Movement - Our eyes follow objects in relation to movement in space. This occurs on the limited space of the poster as well. A good example of movement would be the television screen. Each time the camera operator shoots a shot, he or she is making a judgment about the balance and movement in the space you see on your television. If a person is demonstrating something and moves off camera, the audience will not be able to follow the message. The same is true of the poster. While on camera, a person may be demonstrating something too low on the screen or too far to the side to be understood. This can also happen in poster design.
Movement also means the placement of words and images in the poster so that the eye of the viewer is led to the point of emphasis, the main idea.
Expression, which is the creativity, personal perspective, and (in the words of the writing portfolio) voice of the artist, is neither an element nor a principle but the factor in the creative process that personally solves the problem and pleases the audience.
Rubric for Posters
1 - Essential elements are missing from the design and it does not communicate the message. The graphics and/or illustrations do not fit the theme or detract from the message. The composition uses space poorly, with no margins, uneven lettering, and poor spacing of lines. There is no center of interest and the work is not visually balanced. Lines, values, and shapes are of poor quality and do not add to the communication. The craftsmanship is of poor quality and detracts from visual effect. The central message is unclear as a result of the lack of visual design.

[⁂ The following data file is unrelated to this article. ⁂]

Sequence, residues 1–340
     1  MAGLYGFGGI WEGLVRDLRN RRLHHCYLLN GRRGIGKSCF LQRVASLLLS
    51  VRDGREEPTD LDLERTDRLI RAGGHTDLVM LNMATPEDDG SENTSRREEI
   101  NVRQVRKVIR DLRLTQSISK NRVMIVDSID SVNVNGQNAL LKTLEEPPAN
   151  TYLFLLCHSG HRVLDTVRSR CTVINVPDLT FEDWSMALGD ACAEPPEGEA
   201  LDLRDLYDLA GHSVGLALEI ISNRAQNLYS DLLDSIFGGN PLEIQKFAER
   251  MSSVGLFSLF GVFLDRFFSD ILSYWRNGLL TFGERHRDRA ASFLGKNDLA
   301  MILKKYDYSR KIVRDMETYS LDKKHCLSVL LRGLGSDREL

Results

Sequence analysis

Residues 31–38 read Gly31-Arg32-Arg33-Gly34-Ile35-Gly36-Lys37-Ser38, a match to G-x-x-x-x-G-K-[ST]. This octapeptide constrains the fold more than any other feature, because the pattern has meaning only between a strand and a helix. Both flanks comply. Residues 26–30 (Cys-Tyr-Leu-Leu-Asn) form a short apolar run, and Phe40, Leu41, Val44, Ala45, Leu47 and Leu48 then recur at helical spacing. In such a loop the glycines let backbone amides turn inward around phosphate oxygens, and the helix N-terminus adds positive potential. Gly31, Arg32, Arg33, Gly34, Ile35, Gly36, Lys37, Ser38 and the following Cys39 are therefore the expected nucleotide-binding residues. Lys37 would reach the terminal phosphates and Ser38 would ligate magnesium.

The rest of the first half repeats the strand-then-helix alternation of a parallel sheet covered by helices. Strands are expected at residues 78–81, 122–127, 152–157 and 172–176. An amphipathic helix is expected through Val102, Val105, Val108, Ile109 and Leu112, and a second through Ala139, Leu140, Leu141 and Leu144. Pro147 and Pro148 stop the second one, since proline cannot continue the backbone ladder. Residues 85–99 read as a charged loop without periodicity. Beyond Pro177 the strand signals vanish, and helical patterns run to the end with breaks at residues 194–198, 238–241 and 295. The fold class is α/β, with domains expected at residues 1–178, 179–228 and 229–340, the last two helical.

2 - The design communicates most elements of the message but some details may be left out. The graphics and/or illustrations do not necessarily fit the theme. The composition does not use the space well but the message is reasonably clear. A center of interest may not be as clear, and the work may not be visually balanced. Lines, values, and shapes are of unsure quality and do not add to the communication. The craftsmanship may be of such quality to detract from visual effect but central message is still present.
3 - The design communicates the message. The graphics and/or illustrations are appropriate to the message. The composition leaves enough negative space around the edges of the poster so that the eye can move around the images. A center of interest is established and the work is visually balanced. Lines, values, and shapes are appropriately clear and add to the communication of the work. The craftsmanship is of adequate quality so as not to detract from the visual effect.
4 - The design clearly and completely communicates the message. A degree of originality is used in the graphics and/or illustrations. The composition leaves enough negative space around the edges of the poster so that the eye can move around the images. A center of interest is established and the work is visually balanced. Lines, values, and shapes are appropriately clear and add to the communication and aesthetics of the work. The craftsmanship is of high quality